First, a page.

~Mist
7th June 2010, 23:57
I have stupid question, since I'm a complete newbie at this. Is it permissible to make your character capable of doing feats of minor magic? What limits do I have with my fictional self? Currently, I'm just envisioning myself walking into a pub I'm a regular at.

Stewie Doo
8th June 2010, 00:02
I have stupid question, since I'm a complete newbie at this. Is it permissible to make your character capable of doing feats of minor magic? What limits do I have with my functional self? Currently, I'm just envisioning myself walking into a pub I'm a regular at.

Of course, in fact that would be great, we are after all adventurers now, once Lena has moved the post from the other thread you posted in to the new one, I'll be setting the scene and you will see that the time is after the recent happening in burdens Rest, so it's quite feasible that you managed to pick up some 'skills'.

I guess the the only thing to be wary of is the general feel, as you can imagine, in those days you probably wouldn't find too many wizards levitating in to taverns and using telekinesis to bring their tankards over from the bar ;)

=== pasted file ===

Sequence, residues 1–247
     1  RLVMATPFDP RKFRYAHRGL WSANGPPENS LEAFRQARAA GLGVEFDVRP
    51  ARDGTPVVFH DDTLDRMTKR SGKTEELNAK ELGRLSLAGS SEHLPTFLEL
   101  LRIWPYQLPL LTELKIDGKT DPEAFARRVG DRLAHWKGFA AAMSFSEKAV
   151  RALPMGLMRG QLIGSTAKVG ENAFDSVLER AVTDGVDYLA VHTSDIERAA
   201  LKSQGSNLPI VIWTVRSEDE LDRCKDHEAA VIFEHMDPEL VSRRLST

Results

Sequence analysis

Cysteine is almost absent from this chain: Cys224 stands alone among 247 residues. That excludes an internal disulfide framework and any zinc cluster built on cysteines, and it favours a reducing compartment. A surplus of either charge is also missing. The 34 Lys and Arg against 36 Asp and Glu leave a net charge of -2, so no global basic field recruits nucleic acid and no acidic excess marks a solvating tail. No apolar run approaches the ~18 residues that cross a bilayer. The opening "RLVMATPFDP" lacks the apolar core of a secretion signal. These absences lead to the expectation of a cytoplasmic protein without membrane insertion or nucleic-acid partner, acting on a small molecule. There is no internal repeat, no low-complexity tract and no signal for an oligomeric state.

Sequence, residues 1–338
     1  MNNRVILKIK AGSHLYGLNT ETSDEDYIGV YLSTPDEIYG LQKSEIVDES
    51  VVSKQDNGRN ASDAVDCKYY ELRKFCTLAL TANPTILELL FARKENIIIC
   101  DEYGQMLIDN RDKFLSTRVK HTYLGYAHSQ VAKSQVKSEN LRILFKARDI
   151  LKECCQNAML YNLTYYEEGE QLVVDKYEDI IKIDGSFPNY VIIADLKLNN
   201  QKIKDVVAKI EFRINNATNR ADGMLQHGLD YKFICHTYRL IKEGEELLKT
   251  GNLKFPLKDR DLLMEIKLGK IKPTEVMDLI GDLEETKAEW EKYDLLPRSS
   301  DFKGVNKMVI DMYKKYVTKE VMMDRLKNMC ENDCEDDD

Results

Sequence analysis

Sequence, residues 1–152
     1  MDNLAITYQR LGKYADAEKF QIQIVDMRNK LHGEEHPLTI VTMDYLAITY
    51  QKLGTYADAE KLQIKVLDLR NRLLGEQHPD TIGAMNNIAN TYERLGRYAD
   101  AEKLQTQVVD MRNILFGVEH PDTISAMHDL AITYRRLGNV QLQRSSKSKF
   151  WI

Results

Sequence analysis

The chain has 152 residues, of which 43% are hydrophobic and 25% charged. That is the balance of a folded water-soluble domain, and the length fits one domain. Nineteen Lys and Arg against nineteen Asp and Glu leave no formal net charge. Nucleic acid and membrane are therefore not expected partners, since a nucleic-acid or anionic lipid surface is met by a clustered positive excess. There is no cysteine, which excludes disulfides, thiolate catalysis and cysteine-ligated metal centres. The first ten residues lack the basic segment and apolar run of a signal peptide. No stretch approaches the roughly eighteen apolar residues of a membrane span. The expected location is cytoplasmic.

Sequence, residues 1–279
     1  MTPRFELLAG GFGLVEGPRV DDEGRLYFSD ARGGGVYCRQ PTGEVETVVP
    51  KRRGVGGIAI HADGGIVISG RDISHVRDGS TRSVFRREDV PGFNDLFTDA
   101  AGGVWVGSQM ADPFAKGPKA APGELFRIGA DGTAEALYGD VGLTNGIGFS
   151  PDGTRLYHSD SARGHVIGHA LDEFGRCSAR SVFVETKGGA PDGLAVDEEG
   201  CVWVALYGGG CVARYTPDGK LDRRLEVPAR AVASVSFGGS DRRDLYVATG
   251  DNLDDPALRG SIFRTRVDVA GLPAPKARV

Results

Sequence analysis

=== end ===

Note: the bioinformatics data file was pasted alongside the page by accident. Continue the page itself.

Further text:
DarrellLeon
11th August 2010, 12:29
This is an addition to Stewie Doo's Anyone For A Role - A Guide To Role Playing.
The purpose of this article is to teach and inform in order to help you along your journey as a role player and to compliment the already greatly designed guide by Stewie Doo.

Perhaps one of the best parts of role playing is it is open to people of all skill levels and you can still acheive a pretty high standard story but there are just some things that people lack in the form of descriptive writing. This additional guide though small will include some tips and pointers from my just over ten years experience in role playing for you to use and manipulate as you please in order to develop your own unique role playing style.

What is Descriptive writing